To be fair, I’m using one of the worst-case examples for hydraulic efficiency. Not only are there more efficient components available than gear pumps and orbital motors, there are ingenious approaches to using hydraulic components. Furthermore, recent advances in electronic control have not ignored the fluid power industry, and there are some tricks to further improve hydraulic efficiency.
Invest in better technology
I can’t stress enough that a hydraulic machine is really just an energy conversion device, and when you can convert your input energy into usable force with as little heat waste as possible, you’re on the right track. A pump converts the mechanical energy of the prime mover into hydraulic energy in the form of pressure and flow. If I were to recommend one component you blow the bankroll on, it would be the pump.
A piston pump, especially a high-quality one, can be 95% efficient at converting input energy into hydraulic energy. Not only does this pump provide 27% more available hydraulic energy than our old gear pump, it creates 80% less waste heat than it, reducing or eliminating cooling requirements.
Not only does an efficient pump help, an efficient design works wonders. If you have a fixed displacement pump on a flow control, any unused fluid is wasted as heat. For example, take even our 95% efficient fixed piston pump, giving us 9.5 gpm out of a theoretical 10 gpm. If your downstream priority flow control valve is set to 5 gpm, 4.5 gpm is bypassed to tank. However, all of the 9.5 gpm is still being created at full system pressure, and what’s dumped to tank is lost as heat. So now our 95% efficient pump is helping create a 50% inefficient system.
To get around this, pressure compensation was created. A pressure compensated pump is set to a particular standby pressure, and when this pressure is reached, the pump reduces flow until downstream pressure drops below that standby pressure. For example, if you have a 10 gpm pump set at 3,000 psi, and flow is restricted below 10 gpm, the pump will reduce its displacement to exactly match the downstream flow and pressure drop at 3,000 psi. Essentially, the pump only produces the flow being asked for, no more, but always at 3,000 psi.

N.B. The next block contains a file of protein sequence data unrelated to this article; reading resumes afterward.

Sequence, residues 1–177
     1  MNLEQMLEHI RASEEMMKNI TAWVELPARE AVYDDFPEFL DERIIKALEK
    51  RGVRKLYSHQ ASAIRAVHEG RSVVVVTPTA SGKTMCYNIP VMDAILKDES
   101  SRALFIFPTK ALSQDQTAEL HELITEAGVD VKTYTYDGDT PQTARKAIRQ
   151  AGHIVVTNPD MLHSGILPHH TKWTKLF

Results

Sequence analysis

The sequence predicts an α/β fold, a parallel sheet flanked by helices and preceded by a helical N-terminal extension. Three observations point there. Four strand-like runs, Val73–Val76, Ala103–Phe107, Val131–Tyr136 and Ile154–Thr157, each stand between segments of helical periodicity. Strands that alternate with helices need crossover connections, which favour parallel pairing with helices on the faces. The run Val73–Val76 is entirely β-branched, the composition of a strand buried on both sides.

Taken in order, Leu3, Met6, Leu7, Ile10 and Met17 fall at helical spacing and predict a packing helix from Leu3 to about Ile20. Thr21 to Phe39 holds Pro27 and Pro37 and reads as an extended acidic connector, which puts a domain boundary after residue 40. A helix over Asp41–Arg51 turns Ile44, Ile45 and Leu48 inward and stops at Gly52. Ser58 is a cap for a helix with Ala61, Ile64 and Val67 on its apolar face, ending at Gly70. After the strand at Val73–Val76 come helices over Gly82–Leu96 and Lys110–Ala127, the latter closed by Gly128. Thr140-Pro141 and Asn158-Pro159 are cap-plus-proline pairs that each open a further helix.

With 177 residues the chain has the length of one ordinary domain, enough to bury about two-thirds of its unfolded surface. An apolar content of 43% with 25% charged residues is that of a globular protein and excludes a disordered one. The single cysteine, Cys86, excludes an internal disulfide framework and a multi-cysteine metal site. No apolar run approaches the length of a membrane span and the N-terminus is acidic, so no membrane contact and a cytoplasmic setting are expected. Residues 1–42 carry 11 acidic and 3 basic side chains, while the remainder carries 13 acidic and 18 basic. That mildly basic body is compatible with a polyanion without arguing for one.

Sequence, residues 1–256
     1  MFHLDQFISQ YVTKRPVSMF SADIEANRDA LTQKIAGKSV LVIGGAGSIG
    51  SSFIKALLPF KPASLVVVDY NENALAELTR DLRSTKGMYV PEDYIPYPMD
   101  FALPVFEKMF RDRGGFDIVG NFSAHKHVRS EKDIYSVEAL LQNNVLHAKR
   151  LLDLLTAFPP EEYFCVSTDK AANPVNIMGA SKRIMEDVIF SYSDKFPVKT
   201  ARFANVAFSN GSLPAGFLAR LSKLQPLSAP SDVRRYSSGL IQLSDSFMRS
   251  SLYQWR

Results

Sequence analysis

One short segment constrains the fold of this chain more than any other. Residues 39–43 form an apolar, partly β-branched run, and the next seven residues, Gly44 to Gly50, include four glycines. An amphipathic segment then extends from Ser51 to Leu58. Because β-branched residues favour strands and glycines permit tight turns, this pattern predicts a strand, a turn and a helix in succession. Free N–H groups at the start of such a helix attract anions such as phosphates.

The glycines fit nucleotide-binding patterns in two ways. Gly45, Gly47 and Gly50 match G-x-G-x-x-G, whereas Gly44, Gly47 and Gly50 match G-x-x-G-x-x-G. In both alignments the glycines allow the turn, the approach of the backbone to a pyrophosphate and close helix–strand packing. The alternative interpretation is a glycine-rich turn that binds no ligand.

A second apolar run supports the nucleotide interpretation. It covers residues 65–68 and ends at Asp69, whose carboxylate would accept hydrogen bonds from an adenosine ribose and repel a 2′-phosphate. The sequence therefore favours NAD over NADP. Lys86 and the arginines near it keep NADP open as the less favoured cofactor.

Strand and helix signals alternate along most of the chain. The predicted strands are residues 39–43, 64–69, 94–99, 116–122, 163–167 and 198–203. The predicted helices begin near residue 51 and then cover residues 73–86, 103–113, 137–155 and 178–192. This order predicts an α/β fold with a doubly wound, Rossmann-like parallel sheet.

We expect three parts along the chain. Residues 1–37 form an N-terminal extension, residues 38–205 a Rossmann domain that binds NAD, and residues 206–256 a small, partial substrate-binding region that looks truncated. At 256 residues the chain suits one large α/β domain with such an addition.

But what if we only want 1,000 psi for a particular operation? Well, you could use a pressure-reducing valve, but the pump is still producing 3,000 psi, so you’re not saving any energy. To remedy this, the load-sensing pump was invented. A load sensing pump has an additional compensator that is plumbed downstream of the metering valve. This configuration allows it to measure load pressure and compare it to compensator pressure. The result is the pump will provide only the pressure and flow required of the circuit and actuator, with only a few hundred psi worth of pressure drop as the waste by-product.
Recent advancements in control technology have resulted in a similar concept of pressure and flow management, but using a combination of fixed displacement pumps, servo or VFD motors and pressure transducers. The pressure transducers measure pressure after the pump and after the metering valves, and PLC gives the signal to rotate the pump at a speed only fast enough to achieve the desired pressure and flow. It’s quite an advanced technology, and has progressed to the point a pump could hold a stationary load and rotate fractional speed just to compensate for leakage. Another advantage to this technology is that the motor doesn’t even turn when no energy is required, and then again only with the energy required by demand of the hydraulic system.
Aside from choosing efficient pump designs, using efficient hydraulic actuators is the next best place to continue. Not much can be said of hydraulic cylinders, because most are close to 100% efficient already, depending on sealing technology. But just like with your hydraulic pump, the hydraulic motor has many variations, each with their own contribution to overall efficiency.
Ranking popular hydraulic motors in terms of efficiency, they range from radial piston, axial piston, vane, gear and orbital, with efficiencies around 95, 90, 85, 80 or less, respectively. Of course, these motors would have the same ranking in cost, so the adage of “you get what you pay for” applies here. Other than just choosing an efficient motor design, there isn’t much you can do to enhance efficiency, other than eliminating return port backpressure, and applying motors with the same load-sensing techniques described with pumps.
So for the most part, hydraulics is not an efficient technology. But neither are gasoline-powered cars, and millions of those are sold every day, because there is no better option for their task. Regardless, efficiency in hydraulics is progressing, and advancements in materials and technologies will further that. As long as you are aware of what it takes to create “hydraulic efficiency,” the term won’t seem curious like “seriously funny” or “virtual reality.”